January 25, 2023
By Paul Weamer
I found three trout rising in the confines of a small pocket in the Delaware River’s Lower East Branch. Pink Cahills (Epeorus vitreus) were emerging, fluttering away on gentle air currents through the soft light of a falling sun. I tied a size 14 Compara-dun to my leader and made an accurate cast. The fly landed, drifted a foot, and was gently inhaled by a healthy trout.
I released the fish, dried my fly, and cast to the next one. Just like the first trout, a white mouth opened, my fly disappeared, and another big fish flopped into my net. When I think back to that day, I’m surprised that I can’t remember if those trout were browns or rainbows or exactly how big they were, but I remember everything about the third fish, simply because it ignored my fly. I cast again and again, and kept casting for the next 15 minutes. But while the fish kept rising, it never seemed to even glance at my fly.
The problem couldn’t have been my leader length, tippet size, or lack of a good drift. All three trout had been rising very close to each other, and if all of those things were good enough for the first two fish, they should have worked for the third.
I cut the fly from my leader and sat for a few minutes, watching the fish rise. It wasn’t eating every Cahill that floated over it. This fish was picky. Finally, a mayfly emerged through the film, hopped once on the surface, and disappeared in a swirl. I knew what to do.
I tied on a Catskill-style Cahill and caught the fish on my first cast. It was a plump, 13-inch brook trout, the smallest of the three, yet the most difficult to catch—an Alpha Trout. What made the Catskill fly the right choice? With all the dry-fly styles available at your local fly shop—Compara-duns, Catskills, thoraxes, CDC or snowshoe emergers, parachutes, and others—how do you know which style of dry fly works the best?
While most trout often live by the “close enough” principle as they gleefully suck almost any fly pattern from the surface, some exceptional fish—I call them Alpha Trout—key on one or two attributes of an emerging mayfly, and they lock onto that, making them challenging to fool. Vince Marinaro spent a great deal of time and energy studying and writing about this phenomenon and what he called a “game of nods” in his book In The Ring of the Rise. Basically, his game involved changing one subtle dry-fly attribute and studying a trout’s reaction to it, and then repeating the process. Marinaro was trying to improve his fly patterns, searching, like many anglers, for the perfect fly to catch the most difficult trout.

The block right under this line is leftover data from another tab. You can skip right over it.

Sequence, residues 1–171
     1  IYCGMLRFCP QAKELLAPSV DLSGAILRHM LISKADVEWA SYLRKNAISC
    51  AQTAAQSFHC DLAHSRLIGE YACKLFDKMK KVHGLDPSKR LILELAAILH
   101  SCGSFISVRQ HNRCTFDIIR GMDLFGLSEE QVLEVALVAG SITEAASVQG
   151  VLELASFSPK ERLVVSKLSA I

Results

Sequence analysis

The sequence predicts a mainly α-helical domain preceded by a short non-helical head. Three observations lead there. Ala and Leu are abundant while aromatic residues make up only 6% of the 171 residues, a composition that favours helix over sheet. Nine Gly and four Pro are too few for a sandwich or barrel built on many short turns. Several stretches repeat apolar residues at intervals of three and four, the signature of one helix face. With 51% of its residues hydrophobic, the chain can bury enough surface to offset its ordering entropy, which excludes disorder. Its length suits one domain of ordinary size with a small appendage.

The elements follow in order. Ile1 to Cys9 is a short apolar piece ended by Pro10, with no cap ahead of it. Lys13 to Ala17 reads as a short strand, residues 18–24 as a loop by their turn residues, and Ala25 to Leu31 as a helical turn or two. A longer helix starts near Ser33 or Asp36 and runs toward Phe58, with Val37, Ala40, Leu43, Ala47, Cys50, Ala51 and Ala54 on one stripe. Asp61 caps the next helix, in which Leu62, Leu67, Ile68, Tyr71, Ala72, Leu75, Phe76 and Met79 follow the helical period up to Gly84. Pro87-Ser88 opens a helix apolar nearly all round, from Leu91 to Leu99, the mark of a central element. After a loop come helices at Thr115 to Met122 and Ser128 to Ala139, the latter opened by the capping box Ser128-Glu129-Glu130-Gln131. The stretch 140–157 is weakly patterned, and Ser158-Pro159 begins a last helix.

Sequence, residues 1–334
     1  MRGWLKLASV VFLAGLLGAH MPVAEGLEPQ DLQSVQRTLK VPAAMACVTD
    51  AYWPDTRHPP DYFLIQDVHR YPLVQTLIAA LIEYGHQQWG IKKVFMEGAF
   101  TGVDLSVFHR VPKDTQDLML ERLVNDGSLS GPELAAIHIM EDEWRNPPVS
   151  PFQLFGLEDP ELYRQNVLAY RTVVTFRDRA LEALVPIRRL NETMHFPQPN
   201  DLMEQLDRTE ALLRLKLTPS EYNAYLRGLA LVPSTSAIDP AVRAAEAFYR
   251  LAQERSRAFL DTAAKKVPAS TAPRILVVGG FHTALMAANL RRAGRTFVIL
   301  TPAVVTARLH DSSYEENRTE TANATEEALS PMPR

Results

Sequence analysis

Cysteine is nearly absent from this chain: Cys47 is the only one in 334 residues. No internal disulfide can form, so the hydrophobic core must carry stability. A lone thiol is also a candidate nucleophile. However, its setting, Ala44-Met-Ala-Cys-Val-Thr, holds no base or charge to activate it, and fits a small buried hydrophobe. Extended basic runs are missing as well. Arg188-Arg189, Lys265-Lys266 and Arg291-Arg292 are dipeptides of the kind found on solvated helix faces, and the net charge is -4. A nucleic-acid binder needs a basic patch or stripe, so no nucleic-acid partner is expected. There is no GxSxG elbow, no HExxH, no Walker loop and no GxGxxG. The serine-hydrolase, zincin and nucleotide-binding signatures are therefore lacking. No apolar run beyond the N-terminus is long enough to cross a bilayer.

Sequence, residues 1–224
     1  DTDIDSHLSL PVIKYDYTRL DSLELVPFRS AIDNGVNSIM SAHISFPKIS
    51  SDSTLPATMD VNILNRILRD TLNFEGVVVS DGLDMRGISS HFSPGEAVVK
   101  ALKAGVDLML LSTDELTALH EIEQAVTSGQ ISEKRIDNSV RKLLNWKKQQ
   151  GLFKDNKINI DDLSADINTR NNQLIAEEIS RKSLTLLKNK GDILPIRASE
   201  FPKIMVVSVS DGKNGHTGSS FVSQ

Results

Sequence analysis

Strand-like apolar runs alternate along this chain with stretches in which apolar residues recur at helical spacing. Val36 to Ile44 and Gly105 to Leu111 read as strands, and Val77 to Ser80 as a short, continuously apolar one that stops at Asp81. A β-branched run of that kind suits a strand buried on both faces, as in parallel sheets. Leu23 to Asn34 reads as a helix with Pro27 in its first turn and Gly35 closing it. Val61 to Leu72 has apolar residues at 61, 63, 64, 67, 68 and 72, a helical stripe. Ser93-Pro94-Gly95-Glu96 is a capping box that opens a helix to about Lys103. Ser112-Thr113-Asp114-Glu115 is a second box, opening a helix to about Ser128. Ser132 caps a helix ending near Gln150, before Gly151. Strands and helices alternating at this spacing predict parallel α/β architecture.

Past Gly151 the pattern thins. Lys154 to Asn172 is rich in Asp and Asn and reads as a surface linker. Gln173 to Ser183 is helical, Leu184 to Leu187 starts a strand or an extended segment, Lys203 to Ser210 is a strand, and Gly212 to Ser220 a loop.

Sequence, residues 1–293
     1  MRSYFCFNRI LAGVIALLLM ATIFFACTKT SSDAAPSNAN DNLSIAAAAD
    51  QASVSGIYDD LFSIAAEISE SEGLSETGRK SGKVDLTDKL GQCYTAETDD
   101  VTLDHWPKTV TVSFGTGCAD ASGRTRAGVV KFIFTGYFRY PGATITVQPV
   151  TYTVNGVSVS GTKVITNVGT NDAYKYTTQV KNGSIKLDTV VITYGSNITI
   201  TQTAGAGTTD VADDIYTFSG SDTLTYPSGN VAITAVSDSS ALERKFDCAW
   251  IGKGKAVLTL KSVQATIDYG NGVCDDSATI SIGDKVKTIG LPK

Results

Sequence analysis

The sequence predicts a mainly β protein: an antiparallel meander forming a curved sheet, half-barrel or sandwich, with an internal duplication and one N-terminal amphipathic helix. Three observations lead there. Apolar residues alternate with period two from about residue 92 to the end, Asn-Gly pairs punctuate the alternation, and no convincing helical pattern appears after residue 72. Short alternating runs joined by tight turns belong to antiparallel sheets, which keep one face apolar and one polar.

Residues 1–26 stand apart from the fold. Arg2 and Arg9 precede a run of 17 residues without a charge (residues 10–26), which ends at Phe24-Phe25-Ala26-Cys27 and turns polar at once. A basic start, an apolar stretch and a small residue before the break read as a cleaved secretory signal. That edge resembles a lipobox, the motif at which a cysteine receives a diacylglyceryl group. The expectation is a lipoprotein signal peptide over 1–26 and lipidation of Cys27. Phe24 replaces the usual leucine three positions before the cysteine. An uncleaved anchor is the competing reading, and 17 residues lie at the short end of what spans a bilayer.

The perfect dry-fly style, the one that works in every instance, doesn’t exist. But most fish aren’t perfectly selective either, so much of the time, it really doesn’t matter. If you fish mountain trout streams where the fish are always hungry and will eat almost any fly, then exacting imitation is seldom important.
If you’re a “fish counter” then it may not matter for you either. While I enjoy spending a half hour working one difficult fish, some fly fishers prefer to quickly move up and down the river, looking for the most cooperative targets while ignoring difficult fish. They simply want to catch as many fish as possible. There is nothing wrong with that approach if it makes you happy. But if you’re the fly fisher who wants to catch that special trout no one else was able to catch, then understanding the relationship between mayfly families and dry-fly styles may help you get closer to that goal.
The Four Food Groups
There are 23 mayfly families in North America that contain 106 genera (for a look at all the mayfly families and their genera visit the Purdue University website Mayfly Central at www.entm.purdue.edu/mayfly/na-species-list.php). Fly fishers generally divide mayfly nymphs into four broad groups: clingers, crawlers, burrowers, and swimmers. These categories help us describe how and where the insects live, and they can also give you an idea of which styles of dry flies might work best for imitating them when these nymphs hatch.
Let’s take a closer look at four specific mayflies from four different families that represent each of the four groups: Cahills (Epeorus spp.), Tricos (Tricorythodes spp.), Brown Drakes (Ephemera simulans), and Little Blue-winged Olives (Baetis spp.). I picked these mayflies because they are important to trout anglers from Montana to Maine. The methods and fly patterns described for these four mayflies produce excellent results for most other members of the same families.
Clingers: Catskill-style and Epeorus Cahills